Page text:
One last - barring any more developments! - post on the Megrahi Affair. Much of the commentary has presumed that there must be some grubby, even sinister, deal made. No-one denies that British industrial interests influenced the terms of the Prisoner Transfer Agreement (though, again, that agreement was not, I understand, any different to those negotiated with other countries). But that doesn't quite mean there was some grubby, shady conspiracy or that, no matter what some people say, BP really stands for Blair Petroleum.
And for all that big business, government and nasty foreign regimes are often wrapped together it's worth asking what might have happened if Megrahi had been tried, convicted and imprisoned in another jurisdiction. Like, say, France.
You may cordially detest Tony Blair and Gordon Brown and you may - witlessly in my view but never mind - refer to their party as New Liebour or ZaNu Labour but, as best we know, there's been nothing in British politics on their watch that come close to comparing with the entertainment afforded by the Elf Scandal in France.
Just some of the highlights from that - and the associated scandal surrounding the sale of French frigates to Taiwan - include, of course, the story of the "Whore of the Republic", Christine Deviers-Joncour, who was paid more than £7m to sleep with and lobby Roland Dumas, the French foreign secretary. Also...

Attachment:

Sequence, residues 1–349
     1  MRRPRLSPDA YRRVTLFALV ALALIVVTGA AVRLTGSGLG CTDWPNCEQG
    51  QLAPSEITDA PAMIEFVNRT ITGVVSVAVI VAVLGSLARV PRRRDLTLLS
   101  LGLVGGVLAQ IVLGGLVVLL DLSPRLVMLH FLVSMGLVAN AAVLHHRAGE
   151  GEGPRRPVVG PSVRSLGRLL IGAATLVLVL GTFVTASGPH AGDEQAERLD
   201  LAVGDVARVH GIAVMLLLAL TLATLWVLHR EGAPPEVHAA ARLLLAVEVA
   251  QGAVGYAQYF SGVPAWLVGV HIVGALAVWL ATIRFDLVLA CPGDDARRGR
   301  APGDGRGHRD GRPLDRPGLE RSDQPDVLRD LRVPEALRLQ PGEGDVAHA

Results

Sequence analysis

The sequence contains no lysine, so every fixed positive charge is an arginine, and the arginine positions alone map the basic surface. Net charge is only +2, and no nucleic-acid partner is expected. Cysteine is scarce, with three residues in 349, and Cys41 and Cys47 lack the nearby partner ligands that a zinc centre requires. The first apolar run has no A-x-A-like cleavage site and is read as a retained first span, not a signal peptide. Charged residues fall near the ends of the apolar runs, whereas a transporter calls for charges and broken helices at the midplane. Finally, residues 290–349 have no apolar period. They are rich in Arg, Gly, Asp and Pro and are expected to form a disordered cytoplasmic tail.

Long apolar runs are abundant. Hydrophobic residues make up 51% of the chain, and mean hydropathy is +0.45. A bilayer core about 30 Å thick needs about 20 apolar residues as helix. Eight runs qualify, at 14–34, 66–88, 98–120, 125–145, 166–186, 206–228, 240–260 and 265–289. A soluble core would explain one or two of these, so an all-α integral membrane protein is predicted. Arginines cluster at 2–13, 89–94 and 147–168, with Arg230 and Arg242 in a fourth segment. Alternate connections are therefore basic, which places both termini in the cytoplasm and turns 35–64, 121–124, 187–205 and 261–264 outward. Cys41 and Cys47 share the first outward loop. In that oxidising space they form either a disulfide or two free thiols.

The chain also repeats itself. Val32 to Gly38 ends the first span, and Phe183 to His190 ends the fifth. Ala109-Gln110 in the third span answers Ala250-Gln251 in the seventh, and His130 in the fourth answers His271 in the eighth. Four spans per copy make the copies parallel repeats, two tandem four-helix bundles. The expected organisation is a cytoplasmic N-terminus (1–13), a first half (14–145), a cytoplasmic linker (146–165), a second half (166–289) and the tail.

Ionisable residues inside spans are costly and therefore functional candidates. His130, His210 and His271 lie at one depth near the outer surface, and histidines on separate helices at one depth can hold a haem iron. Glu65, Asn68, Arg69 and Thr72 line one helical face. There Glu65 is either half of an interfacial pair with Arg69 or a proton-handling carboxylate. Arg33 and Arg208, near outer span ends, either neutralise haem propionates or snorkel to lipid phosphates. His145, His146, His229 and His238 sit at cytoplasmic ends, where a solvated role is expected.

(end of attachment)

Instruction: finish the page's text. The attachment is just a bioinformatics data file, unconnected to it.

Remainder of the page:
Elf, now privatised and part of the Total group, paid "at the very least" €5m a year to all of the main French political parties to buy their support, Le Floch told the court at one stage. Most of the money went to the centre-right RPR party founded by the present president, Jacques Chirac, until the socialist François Mitterrand, soon after his presidential election in 1982, demanded that the spoils be evenly spread.
Now there's an amalgamation of business and the state! Had the Lockerbie Bomber been jailed in France (or Italy for that matter) one can only imagine what deals might have been done with Libya. It makes our own politics seem rather drably, even tiresomely, honest in fact...“
Annual cash transfers totalling about £10m were made to Omar Bongo, Gabon's president, while other huge sums were paid to leaders in Angola, Cameroon and Congo-Brazzaville. The multi-million dollar payments were partly aimed at guaranteeing that it was Elf and not US or British firms that pumped the oil, but also to ensure the African leaders' continued allegiance to France. In Gabon, Elf was a veritable state within a state. France accounts for three-quarters of foreign investment in Gabon, and Gabon sometimes provided 75% of Elf's profits. In return for protection and sweeteners from Elf's coffers, France used the state as a base for military and espionage activities in west Africa.